Tara Brach in her course on negative beliefs and thoughts highlights the fact that as humans we have a “storytelling mind”. We develop “self-stories” that influence the way we view ourselves, perceive others and relate to the world at large. These self-stories evolve over time and exist below our level of consciousness. Tara maintains that we can overcome the limitations of these stories about our self by “shining a light” on them through awareness raising – achieved through mindfulness practices.
Our storytelling mind
Archaeologists, through the discovery of drawings and fossils, argue that humans developed the capacity for abstract thought more than 100,000 years ago. This enabled humans to think about things beyond their immediate observations – to envision, engage in symbolic thinking and develop language.
The capacity for abstract thinking underlies our innate preoccupation with developing stories, especially self-stories. Many of our self-stories, however, are fear-based Joseph Campbell described this propensity for fear as the “survival brain”. We fear physical and or psychological harm because of our human origins. Jacob Ham contrasts the survival brain with what he calls the “learning brain”. The former is totally focused on potential threats and is fearful about new situations and ambiguity, whereas the latter is open to new experiences and the challenges inherent in ambiguity – it is not preoccupied with avoiding mistakes.
Self-stories are unconscious – beyond awareness
Our self-stories develop through parental influences, social factors and our own life experiences. The messages we receive from our parents and society at large, influence the formation of our self-stories which, in turn, impact our relationships and our endeavours. Jon Kabat-Zinn describes these stories as “narratives” that can control our thinking, emotions and behaviour.
While self-stories influence our perception of threats and drive our behaviour, they are below conscious awareness. Joseph Campbell highlights this aspect with his concept of the “Circle of Awareness“. He suggests that we can think of our “self” or “psyche” as illustrated by a circle with a line through it – above the line represents conscious awareness and below the line represents our unconscious. We can increase our conscious awareness (above the line segment) by accessing our unconscious awareness through mindfulness.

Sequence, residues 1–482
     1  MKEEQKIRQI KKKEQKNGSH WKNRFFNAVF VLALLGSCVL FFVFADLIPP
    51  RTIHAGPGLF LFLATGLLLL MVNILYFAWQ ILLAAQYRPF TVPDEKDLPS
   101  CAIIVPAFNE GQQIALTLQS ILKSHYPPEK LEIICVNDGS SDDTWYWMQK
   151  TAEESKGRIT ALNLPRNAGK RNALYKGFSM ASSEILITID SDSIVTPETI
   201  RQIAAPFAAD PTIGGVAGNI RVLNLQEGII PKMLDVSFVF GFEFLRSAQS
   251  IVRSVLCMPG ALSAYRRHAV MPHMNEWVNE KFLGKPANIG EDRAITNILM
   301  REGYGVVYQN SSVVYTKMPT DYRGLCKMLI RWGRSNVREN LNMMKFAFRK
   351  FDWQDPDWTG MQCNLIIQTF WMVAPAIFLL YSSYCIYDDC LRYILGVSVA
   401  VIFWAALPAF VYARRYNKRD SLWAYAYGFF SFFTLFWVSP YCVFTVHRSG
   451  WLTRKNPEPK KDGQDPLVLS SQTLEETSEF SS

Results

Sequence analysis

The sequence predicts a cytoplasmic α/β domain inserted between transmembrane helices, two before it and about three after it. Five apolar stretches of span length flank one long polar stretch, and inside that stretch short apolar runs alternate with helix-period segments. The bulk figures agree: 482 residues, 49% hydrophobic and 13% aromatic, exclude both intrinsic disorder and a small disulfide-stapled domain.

As humans we have what scientists describe as meta-cognition – the ability to “think about thinking”. In other, words we have the capacity to access our thoughts, our stories and our internal representations of external reality. This meta-cognitive ability enables us to access our unconscious stories through awareness-raising processes designed to expose these self-stories.
Exposing our self-stories through awareness raising
Tara offers a very simple way to access your self-stories that may be locking you into ways of feeling and behaving. This mindfulness practice can be undertaken once you have grounded yourself through conscious bodily awareness and mindful breathing.
The practice entails picturing a time and place where you were with your parents as a child – e.g. the dinner table, the card table, on the sofa watching TV or lying on the floor with the pet dog. Now you turn your attention to your parents and how they are viewing and interacting with you – are they making eye contact at all, asking your views, listening to you mindfully or are they communicating with you without eye contact, ignoring your presence or talking over the top of you all the time. What messages are you receiving from this “interaction”?
In various, subtle ways, often below their level of consciousness, your parents are communicating messages to you and about you. These messages and others you receive, can shape your self-stories, e.g.
- I need to go out of my way to attract attention, so that people will acknowledge me and value my opinion
- I need to be nice and constantly meet other’s needs to be sure that I can be loved and valued (a self-story that can lead to “the disease to please“)
- I should be “seen and not heard”
- I will only be accepted when I am successful with everything I do
- I cannot make a mistake, otherwise I will be rejected
- Risk is to be avoided at all costs
- I have to show people how intelligent, capable and accomplished I am before people will listen to me and take me seriously.
Tara argues that when you can name your self-stories, they lose their power to control you – to influence your thoughts, emotions and behaviour.
As we grow in mindfulness through meditation and reflection, we can expose our self-stories, increase our awareness of how they impact our lives and relationships and reduce their (unconscious) hold over us.
Image source: courtesy of johnhain on Pixabay
By Ron Passfield – Copyright (Creative Commons license, Attribution–Non Commercial–No Derivatives)
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